SUBURBAN LAKE WORTH BEACH, Fla. — On Monday, a normally quiet neighborhood in suburban Lake Worth Beach was filled with balloons tied to mailboxes, hand drawn signs, a Palm Beach County Fire Rescue firetruck, dozens of police cars and two SWAT vans -- one from the Palm Beach County Sheriff’s Office and another from the Boynton Beach Police Department.
The streets were lined with neighbors, who are all watching and waiting.
“We’re freaking out the neighbors,” said Sheryel Aschfort to one of the deputies with a chuckle.
She was eagerly waiting for her son’s family, the Bushmans to come home.
“Matthew hopes that he can make a new friend,” said Ronnie Krupin about her young son, who also lives in the neighborhood.
“We’re just happy for the family,” she said about the Bushmans, whom she’s never met.
This wait has been worth every second.
“The biggest day of my life,” Sheryel said.
“Emotional, this is insane, this is amazing!” said Calrita Carrillo, who used to live next to the Bushmans before they moved a few blocks away.
The hand drawn signs mostly all said something similar, “It says welcome home Slater!”
Thomas Nolf said holding up his sign, who also lives in the neighborhood.
Slater Bushman was just 4 years old when he left Palm Beach County with stage 4 neuroblastoma. He went with his older brother, Sawyer, mom Shari and dad Shane to Memphis, Tennessee.
“My grandson is coming home after 14 months at St. Jude Children’s Research Hospital, and he is cancer free, in remission,” Sheryel said.
He’s back with a superhero’s welcome.
“The whole neighborhood has pulled together, the whole fire department police officers, SWAT, it’s really cool,” said Heather Nolf.
He’s also back with a wise big brother.
“Sawyer you’re a hero too, we’re here to welcome home the entire family, but Sawyer, Slater could not have done this without you,” Heather said.
Ronnie Krupkin came out to watch them come home in part because her husband beat cancer two years ago and she wanted to show support.
“We can totally relate, she said.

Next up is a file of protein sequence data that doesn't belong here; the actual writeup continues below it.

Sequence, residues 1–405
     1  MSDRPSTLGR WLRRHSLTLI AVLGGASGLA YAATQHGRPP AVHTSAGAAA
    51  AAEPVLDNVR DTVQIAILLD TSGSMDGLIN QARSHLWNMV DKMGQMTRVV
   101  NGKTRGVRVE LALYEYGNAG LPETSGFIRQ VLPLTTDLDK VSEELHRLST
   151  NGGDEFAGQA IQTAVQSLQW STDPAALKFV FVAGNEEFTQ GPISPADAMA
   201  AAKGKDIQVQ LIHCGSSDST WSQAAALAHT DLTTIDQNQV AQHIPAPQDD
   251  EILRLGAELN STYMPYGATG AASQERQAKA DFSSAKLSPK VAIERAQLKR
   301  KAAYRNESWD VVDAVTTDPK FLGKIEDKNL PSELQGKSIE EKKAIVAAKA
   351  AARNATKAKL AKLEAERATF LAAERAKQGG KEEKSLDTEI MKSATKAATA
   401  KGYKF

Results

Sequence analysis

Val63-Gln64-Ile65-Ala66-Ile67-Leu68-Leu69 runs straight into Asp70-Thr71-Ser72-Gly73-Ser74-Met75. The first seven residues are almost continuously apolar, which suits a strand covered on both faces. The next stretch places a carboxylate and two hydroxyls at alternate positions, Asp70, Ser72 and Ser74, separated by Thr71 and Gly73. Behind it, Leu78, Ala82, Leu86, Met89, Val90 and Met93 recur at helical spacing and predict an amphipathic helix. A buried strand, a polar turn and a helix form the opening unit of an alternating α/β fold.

Vanessa Quigley, a family friend, came with her two young boys and husband. Her youngest son beat cancer when he was three.
She helped the Bushmans research which hospital would be best.
“Based on everything that we went through, we were able to provide Shari with some of that knowledge and support that we went through,” Vanessa said.
When the Bushmans' minivan pulled around the bend, it was escorted by PBSO deputies on motorcycles to loud cheers, completing their round trip journey to St. Jude’s.
“Grandma!” Slater said as he jumps out of the back left sliding door.
The wait has been the hardest part.
“I said I wasn’t going to come home without him, and I didn’t,” Shari said to the crowd. “Both of them did it, Sawyer was such a good brother. He was with him every step of the way, for 435 days.”
They’re back with back with health and perspective.
“Don’t sweat the small stuff because it’s really not important, like this. What you hold in your arms, that’s really what matters,” Shari later said in an interview, holding Slater in her arms.
“It’s heartbreaking the stuff we’ve seen and what we’ve been through,” Shane Bushman said. “Obviously, we came home but not everybody does, not everybody we know has. We’re back but we’re different.”
The family will be back at St. Jude’s in September for a checkup.
WPTV first met the Bushman’s shortly after the start of 2018 when a car had barreled through their backyard and into their pool shortly after New Year’s.
Then, starting in April 2018, WPTV did a series of stories on Slater’s cancer battle that you can read below: